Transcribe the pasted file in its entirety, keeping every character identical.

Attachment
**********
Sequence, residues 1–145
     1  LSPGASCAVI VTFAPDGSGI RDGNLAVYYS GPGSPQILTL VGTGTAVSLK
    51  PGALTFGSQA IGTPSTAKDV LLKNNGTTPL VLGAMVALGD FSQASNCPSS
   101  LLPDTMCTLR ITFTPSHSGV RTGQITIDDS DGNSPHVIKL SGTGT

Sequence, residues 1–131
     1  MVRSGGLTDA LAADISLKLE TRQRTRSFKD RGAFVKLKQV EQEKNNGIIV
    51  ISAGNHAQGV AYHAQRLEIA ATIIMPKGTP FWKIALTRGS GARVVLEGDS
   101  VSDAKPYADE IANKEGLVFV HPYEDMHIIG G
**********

Sequence, residues 1–145
     1  LSPGASCAVI VTFAPDGSGI RDGNLAVYYS GPGSPQILTL VGTGTAVSLK
    51  PGALTFGSQA IGTPSTAKDV LLKNNGTTPL VLGAMVALGD FSQASNCPSS
   101  LLPDTMCTLR ITFTPSHSGV RTGQITIDDS DGNSPHVIKL SGTGT

Sequence, residues 1–131
     1  MVRSGGLTDA LAADISLKLE TRQRTRSFKD RGAFVKLKQV EQEKNNGIIV
    51  ISAGNHAQGV AYHAQRLEIA ATIIMPKGTP FWKIALTRGS GARVVLEGDS
   101  VSDAKPYADE IANKEGLVFV HPYEDMHIIG G